- including mundane tasks such as upgrading documentation. Untold new problems caused by introducing changes into old buggy code have been averted, and the total payoff could well dwarf the estimated expenditure of $500 billion.
- Another important byproduct has been the maturation and more widespread utilization of automated regression testing. Most test tool vendors and test consulting firms experienced a surge in demand and revenues that have led to faster product improvement than would have occurred otherwise.
- Fear is a great motivator. Testers who had struggled for years to gain commitment and support suddenly found the budget floodgates opened.
Like a doctor saying that she needs a multimillion dollar medical device
or else the patient might die, smart testers tied everything on their pent-up wish lists to Y2K, such as the need for expensive automated test tools.
- Fixing problems is the tip of the iceberg; regression testing is the bulk. Organizations that undertook reasonably prudent steps found that the effort to retest after changes to old code was often three to five times bigger than the effort to make the changes.
Unfortunately, many things remain the same:
- The law of software entropy (some call it software rot) remains in effect. Reliability of software degrades over time, as changes introduce a gradual accumulation of unintended bugs. Entropy relentlessly continues.
- In my observation, there is only minor progress on the most important payoff we could have hoped for. Organizations have not faced the root causes or significantly changed the convenient bad practices that made Y2K so dangerous in the first place: entangled system designs, hasty changes, and inadequate regression testing. It's a little like someone going to a dentist for an intensive and painful deep cleaning, then lapsing back into lackadaisical dental hygiene practices.
- The problem has not gone away. Myriad date-related incidents lurk waiting for the right moment, such as the resetting of the Unix clocks in 2038. Everybody is confident that all the old Unix code will be replaced well before then. That's what we thought in 1990 about the Y2K bug.
Finally, some lessons learned:
- On any project where attorneys predominate, the test documentation seems to double and the project costs triple, and the testers' rates of reimbursement look exceedingly modest. In some organizations, every third member of the Y2K team seemed to be an attorney.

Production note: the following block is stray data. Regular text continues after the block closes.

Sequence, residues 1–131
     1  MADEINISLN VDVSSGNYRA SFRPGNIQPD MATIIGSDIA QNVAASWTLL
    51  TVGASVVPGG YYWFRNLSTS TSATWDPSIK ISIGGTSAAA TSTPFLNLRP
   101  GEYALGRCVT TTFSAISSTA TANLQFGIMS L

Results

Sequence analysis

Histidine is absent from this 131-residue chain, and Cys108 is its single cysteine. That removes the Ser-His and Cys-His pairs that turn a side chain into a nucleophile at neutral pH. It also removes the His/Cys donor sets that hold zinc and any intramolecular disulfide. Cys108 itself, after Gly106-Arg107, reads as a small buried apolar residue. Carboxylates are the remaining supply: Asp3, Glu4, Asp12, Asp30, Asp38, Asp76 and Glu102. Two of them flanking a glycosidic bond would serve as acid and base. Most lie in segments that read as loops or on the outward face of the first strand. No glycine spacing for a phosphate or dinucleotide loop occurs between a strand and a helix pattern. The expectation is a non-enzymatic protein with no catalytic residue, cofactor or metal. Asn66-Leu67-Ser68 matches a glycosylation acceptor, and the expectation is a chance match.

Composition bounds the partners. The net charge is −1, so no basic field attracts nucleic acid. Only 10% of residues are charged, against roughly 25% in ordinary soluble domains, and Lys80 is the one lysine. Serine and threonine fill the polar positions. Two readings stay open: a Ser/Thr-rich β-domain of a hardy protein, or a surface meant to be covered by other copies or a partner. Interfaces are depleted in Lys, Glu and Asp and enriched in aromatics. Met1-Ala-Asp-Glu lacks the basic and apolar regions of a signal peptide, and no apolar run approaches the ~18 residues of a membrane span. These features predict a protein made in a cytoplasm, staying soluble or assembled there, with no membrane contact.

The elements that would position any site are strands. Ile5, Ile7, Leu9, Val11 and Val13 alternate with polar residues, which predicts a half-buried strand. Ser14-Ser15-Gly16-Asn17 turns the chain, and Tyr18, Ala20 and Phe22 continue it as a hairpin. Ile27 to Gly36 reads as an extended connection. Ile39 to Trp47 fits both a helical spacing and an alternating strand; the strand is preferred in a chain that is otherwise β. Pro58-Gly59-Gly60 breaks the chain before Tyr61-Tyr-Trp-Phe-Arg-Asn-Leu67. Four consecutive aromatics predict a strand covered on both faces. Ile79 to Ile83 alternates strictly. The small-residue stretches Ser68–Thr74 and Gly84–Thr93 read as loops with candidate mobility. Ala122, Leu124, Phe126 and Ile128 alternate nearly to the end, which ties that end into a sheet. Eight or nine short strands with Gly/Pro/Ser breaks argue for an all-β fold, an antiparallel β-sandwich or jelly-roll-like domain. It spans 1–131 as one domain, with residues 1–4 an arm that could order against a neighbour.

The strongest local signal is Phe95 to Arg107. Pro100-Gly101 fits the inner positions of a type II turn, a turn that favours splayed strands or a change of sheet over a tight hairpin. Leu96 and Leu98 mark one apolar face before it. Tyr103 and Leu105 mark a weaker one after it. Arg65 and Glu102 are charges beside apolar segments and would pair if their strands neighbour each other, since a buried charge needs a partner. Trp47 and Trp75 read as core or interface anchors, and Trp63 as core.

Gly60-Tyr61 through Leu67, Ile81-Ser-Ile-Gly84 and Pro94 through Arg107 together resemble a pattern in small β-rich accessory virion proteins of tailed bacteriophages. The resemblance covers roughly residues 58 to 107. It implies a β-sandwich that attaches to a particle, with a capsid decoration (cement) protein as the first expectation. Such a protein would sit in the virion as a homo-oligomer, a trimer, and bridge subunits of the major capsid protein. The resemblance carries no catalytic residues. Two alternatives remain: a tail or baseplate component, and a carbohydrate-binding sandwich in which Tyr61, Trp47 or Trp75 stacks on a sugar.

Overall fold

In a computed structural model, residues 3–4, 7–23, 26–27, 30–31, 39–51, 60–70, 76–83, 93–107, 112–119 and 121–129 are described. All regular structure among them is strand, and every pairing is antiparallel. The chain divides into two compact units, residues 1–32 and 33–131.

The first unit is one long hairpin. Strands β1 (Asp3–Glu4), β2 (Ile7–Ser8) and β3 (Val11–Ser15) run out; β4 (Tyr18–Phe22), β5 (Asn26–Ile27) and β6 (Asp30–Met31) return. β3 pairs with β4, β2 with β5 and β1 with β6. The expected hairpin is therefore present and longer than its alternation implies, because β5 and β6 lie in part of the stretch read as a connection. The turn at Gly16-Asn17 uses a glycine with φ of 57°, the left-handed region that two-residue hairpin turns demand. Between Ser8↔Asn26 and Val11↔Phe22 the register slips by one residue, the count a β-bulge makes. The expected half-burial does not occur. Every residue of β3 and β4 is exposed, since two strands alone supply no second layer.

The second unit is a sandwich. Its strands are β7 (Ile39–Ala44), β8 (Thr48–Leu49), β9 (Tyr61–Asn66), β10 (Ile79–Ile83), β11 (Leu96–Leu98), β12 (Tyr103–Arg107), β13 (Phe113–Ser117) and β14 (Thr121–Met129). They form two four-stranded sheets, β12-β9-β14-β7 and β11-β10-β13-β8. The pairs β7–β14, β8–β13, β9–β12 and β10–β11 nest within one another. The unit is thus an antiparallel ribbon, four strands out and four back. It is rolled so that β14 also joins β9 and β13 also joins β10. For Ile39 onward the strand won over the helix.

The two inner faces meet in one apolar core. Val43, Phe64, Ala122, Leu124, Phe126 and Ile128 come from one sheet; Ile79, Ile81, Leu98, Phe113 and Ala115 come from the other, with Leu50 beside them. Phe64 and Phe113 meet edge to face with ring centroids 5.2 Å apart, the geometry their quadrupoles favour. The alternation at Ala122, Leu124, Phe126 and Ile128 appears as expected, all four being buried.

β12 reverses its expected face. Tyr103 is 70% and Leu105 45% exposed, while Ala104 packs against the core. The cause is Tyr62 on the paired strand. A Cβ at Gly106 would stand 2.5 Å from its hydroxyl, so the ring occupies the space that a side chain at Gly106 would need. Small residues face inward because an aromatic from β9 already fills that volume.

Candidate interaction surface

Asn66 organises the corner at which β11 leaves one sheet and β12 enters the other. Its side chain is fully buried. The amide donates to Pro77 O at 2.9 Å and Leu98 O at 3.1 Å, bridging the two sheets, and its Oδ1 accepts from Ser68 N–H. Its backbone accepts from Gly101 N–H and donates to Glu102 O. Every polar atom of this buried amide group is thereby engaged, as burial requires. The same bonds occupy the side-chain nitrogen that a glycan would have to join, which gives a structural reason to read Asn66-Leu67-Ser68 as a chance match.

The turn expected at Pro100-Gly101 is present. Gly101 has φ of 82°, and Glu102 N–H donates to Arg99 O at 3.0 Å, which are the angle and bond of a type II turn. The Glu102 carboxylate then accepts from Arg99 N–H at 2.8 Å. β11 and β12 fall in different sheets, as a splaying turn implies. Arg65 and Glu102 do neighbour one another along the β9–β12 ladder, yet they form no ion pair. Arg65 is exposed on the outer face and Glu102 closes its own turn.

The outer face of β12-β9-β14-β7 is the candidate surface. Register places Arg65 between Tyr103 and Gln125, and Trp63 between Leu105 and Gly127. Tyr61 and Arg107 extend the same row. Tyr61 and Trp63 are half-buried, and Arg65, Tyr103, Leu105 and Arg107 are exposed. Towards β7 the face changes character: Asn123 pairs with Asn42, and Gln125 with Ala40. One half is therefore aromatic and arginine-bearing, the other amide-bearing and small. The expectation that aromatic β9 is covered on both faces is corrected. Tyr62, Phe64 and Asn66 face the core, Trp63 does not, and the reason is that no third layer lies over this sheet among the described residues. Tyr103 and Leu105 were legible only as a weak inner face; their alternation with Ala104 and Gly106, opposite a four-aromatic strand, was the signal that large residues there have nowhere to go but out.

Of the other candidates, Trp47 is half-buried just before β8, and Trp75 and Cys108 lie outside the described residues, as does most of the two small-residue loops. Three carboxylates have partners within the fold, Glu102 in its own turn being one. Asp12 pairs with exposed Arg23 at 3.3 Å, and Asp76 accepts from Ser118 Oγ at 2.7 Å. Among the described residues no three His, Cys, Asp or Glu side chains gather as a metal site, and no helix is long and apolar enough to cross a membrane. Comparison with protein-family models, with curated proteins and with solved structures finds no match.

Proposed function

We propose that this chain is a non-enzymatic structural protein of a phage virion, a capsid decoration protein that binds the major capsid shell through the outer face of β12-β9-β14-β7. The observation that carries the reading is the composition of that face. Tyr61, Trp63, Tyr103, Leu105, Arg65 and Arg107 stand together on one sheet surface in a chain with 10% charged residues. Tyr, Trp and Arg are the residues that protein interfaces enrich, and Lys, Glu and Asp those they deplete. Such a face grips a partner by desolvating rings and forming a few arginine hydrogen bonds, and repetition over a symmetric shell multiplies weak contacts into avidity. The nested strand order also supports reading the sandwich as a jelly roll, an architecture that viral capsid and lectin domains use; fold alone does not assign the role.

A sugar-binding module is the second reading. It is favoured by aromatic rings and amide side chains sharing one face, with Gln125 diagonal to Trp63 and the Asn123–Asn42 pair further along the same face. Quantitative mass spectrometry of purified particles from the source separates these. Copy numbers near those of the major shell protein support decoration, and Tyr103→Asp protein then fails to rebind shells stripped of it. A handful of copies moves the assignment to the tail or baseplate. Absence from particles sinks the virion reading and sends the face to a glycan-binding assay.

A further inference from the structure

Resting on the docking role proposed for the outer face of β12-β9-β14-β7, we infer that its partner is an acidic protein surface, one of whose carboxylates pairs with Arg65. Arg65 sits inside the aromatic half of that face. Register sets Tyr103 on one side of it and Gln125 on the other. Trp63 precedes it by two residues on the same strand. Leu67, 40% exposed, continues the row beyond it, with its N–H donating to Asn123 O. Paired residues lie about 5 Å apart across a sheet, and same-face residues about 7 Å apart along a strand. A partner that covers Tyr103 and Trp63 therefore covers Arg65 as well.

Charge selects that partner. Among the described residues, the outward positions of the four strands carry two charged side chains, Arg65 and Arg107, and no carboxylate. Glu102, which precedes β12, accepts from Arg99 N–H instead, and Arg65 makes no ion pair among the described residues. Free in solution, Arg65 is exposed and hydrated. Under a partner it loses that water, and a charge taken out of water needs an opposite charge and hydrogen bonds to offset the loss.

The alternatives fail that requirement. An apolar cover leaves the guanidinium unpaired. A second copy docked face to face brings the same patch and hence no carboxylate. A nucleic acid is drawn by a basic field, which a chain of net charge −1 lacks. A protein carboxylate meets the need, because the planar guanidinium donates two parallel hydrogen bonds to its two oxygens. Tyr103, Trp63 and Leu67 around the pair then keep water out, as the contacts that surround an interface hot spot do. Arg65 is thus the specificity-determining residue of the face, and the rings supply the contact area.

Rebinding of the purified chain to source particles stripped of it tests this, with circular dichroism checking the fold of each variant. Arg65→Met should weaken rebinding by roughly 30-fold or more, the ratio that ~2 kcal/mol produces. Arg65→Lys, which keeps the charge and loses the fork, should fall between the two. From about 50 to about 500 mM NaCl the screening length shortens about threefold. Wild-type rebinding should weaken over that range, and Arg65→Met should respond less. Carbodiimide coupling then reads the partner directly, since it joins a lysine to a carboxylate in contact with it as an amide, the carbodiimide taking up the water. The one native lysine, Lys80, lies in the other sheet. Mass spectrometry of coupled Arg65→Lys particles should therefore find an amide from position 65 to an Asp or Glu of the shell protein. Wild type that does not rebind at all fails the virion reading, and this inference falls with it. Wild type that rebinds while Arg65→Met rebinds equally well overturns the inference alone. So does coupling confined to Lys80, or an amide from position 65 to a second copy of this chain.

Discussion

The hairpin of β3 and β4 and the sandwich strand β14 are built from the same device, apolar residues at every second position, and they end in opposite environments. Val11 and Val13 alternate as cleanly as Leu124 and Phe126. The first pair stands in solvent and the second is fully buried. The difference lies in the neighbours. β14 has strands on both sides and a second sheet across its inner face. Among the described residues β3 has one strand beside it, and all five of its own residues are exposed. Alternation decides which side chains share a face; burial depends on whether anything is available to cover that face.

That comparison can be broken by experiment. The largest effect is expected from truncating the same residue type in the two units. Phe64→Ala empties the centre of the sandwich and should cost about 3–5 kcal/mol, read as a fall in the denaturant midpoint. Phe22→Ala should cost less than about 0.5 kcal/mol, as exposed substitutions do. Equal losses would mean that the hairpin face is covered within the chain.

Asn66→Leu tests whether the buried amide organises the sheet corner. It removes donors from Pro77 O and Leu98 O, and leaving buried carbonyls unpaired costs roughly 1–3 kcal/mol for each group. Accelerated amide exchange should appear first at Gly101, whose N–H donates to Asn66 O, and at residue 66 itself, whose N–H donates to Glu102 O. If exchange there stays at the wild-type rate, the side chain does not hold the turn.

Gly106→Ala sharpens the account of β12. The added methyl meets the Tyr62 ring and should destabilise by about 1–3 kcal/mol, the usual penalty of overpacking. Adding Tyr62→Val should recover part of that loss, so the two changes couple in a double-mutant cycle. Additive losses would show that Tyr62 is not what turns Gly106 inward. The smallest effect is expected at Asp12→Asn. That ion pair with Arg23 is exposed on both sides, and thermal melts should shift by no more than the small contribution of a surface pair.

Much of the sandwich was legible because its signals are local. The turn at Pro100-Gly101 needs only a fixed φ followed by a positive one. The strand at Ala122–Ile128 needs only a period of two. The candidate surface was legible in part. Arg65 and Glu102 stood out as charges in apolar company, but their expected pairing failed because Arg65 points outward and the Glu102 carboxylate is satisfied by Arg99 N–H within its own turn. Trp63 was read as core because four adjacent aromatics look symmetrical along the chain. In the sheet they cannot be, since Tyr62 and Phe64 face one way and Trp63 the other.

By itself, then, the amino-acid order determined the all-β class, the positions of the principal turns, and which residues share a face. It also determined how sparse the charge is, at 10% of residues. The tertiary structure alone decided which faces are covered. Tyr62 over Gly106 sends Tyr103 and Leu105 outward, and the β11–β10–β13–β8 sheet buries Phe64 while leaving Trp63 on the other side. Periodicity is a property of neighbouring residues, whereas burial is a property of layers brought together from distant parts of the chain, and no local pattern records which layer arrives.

- Be careful what you predict. Some industry pundits became carried away in their pronouncements of gloom and doom and looked ridiculous after the fact.
- Don't expect the press-or technical professionals-to get the story right. We can't predict where the bugs will be or precisely how much testing is enough. Given these uncertainties and the acknowledged huge degree of risk, the effort that was viewed as overkill turned out to be a prudent, justifiable response.
- Don't expect to be rewarded with the key to the executive washroom. In a survey conducted in mid-2000 by Howard Rubin, seventy percent of the information systems professionals who were significantly involved in Y2K projects were dissatisfied with their rewards. They felt that the bonuses, retraining, and new positions promised by their organizations in return for their Y2K efforts had not materialized. A mere two percent thought their rewards were above expectations. Says Rubin, "In general, Y2K folks have gotten few rewards. While digging in on Y2K, many missed the e-Business boat. And because there was no Y2K bang, industry executives gave them no bucks. It's sort of a paradox because they should have gotten lots of bucks for no bang."
Now that Y2K is well behind us, we can forget about all this date nonsense until the